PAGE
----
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|Another (legal) side of Gertrude, Claudius and the King.
Written by Caroline
(5/25/2003 11:02 p.m.)
in consequence of the missive, GR: Claudius and Gertrude and King Hamlet, penned by Cheryl
As Sari has explained, Scandinavian Kings were elected, although the dying king often had his say in the matter. The same applied in England in Saxon times, and comes into the story of Ethelred the Unready, Harold Godwinson and William of Normandy. So Shakespeare would have been very familiar with the concept.
Old Hamlet was King, but in the sense only that he was a strong War leader. He was also, in his own right, a landowner, with a castle, lands, and probably a few manors extra. These posessions belonged to him alone, and were not tied into the Kingship, because the kingship location would change when a king was elected.
Now consider Claudius, the baby brother. As a a younger son, he probably has nothing at all, and is totally dependent on big brother. He may well have designs upon brother's wife, but apart from that he has to watch Old Hamlet reserve all his lands for his studious, indecisive , unwarlike young son. How would he feel about that? Pretty peeved, and worried about the family lands falling prey to another strong-man, possibly.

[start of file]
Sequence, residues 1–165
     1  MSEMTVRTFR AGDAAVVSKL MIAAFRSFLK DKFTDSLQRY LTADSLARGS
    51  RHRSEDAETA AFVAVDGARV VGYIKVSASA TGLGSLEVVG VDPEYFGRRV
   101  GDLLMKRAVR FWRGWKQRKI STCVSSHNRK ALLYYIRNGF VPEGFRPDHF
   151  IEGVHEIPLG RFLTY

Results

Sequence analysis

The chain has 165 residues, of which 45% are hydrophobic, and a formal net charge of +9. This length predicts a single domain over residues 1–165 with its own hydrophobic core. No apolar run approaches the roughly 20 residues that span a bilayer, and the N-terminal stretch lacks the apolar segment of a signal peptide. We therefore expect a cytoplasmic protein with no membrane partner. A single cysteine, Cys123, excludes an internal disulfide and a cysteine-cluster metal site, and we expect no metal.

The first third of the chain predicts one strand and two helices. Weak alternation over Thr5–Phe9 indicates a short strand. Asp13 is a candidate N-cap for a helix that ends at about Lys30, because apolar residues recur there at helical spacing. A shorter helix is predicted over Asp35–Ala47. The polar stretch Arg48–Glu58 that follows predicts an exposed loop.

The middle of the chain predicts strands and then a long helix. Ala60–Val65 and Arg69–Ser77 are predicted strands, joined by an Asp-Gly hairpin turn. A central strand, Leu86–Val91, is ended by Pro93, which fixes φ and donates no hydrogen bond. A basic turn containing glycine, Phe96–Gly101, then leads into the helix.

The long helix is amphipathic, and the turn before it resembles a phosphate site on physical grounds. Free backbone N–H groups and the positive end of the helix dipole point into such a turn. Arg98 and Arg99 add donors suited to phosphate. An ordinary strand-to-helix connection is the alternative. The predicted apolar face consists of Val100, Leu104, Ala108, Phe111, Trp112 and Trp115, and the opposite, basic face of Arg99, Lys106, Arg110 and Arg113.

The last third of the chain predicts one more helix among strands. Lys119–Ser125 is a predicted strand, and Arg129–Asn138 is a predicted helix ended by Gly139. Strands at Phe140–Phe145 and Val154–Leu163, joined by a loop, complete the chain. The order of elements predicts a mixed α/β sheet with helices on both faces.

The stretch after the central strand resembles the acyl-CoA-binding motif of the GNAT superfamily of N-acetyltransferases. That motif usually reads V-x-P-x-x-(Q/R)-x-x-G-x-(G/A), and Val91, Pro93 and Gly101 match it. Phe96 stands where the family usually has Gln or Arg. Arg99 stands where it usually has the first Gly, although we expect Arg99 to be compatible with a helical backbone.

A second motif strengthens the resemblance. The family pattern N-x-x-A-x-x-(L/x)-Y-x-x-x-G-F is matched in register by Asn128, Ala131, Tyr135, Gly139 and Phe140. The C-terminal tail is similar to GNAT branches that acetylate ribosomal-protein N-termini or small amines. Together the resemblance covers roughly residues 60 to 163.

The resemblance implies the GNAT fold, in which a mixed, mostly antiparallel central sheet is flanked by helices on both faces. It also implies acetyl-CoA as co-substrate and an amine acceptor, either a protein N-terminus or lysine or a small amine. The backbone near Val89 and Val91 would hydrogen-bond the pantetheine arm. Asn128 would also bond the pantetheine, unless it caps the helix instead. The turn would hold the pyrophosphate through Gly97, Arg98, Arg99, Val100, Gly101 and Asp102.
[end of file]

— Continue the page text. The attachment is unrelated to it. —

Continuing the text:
The old king dies, and Gert, as widow, has by law forty days to choose her "dower", i.e. the manor/land in which to spend her widowhood, before handing over the rest of Old Hamlet's posessions to Young Hamlet. Is Claudius to stand by and watch this happen? Not on your nelly! He moves, and quickly. He gets elected king, probably on the grounds of being a decent strong- man, and as sort-of-regent for Hamlet. That means Gert cannot be regent, even if she wanted to be. He also marries Gert...which negates her widowhood, and as we all know from understandng inheritance in JA, takes control of all of the Hamlet family posessions. So... Gert no longer has a dower. Young Hamlet has nothing to inherit. And, by making Gert "co-jointress" in ownership with himself, after their deaths, it is G&C's children that will inherit castle and lands, not Hamlet.
So Hamlet is knocked out of the kingship, AND has no land to live on! No wonder he hates his mom! This makes Gertrude into the most selfish and stupid character in the play, IMO. It also puts Claudius in a slightly different light. Although it's difficult to imagine him being able to be a war leader without castle, soldiers and back-up, it does mean that he's behaved really badly towards young Hamlet, on top of all his other misdeeds.
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